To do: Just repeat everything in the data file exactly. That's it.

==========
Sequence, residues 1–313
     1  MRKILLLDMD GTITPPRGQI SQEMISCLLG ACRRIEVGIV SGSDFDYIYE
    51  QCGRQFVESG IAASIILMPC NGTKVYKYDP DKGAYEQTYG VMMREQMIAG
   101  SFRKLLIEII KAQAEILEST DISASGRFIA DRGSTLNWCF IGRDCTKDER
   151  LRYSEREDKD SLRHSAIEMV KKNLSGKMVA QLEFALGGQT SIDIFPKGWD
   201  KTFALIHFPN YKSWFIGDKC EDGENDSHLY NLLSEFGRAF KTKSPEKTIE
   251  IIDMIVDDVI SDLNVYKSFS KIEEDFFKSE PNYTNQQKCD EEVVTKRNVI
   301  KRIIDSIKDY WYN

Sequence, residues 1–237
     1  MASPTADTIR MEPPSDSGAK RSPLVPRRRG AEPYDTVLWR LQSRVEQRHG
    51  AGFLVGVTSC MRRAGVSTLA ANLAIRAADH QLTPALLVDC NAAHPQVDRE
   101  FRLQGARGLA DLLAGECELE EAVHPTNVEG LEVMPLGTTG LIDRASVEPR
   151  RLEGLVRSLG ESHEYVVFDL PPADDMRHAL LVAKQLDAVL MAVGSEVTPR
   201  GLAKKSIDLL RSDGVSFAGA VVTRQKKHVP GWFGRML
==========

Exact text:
Sequence, residues 1–313
     1  MRKILLLDMD GTITPPRGQI SQEMISCLLG ACRRIEVGIV SGSDFDYIYE
    51  QCGRQFVESG IAASIILMPC NGTKVYKYDP DKGAYEQTYG VMMREQMIAG
   101  SFRKLLIEII KAQAEILEST DISASGRFIA DRGSTLNWCF IGRDCTKDER
   151  LRYSEREDKD SLRHSAIEMV KKNLSGKMVA QLEFALGGQT SIDIFPKGWD
   201  KTFALIHFPN YKSWFIGDKC EDGENDSHLY NLLSEFGRAF KTKSPEKTIE
   251  IIDMIVDDVI SDLNVYKSFS KIEEDFFKSE PNYTNQQKCD EEVVTKRNVI
   301  KRIIDSIKDY WYN

Sequence, residues 1–237
     1  MASPTADTIR MEPPSDSGAK RSPLVPRRRG AEPYDTVLWR LQSRVEQRHG
    51  AGFLVGVTSC MRRAGVSTLA ANLAIRAADH QLTPALLVDC NAAHPQVDRE
   101  FRLQGARGLA DLLAGECELE EAVHPTNVEG LEVMPLGTTG LIDRASVEPR
   151  RLEGLVRSLG ESHEYVVFDL PPADDMRHAL LVAKQLDAVL MAVGSEVTPR
   201  GLAKKSIDLL RSDGVSFAGA VVTRQKKHVP GWFGRML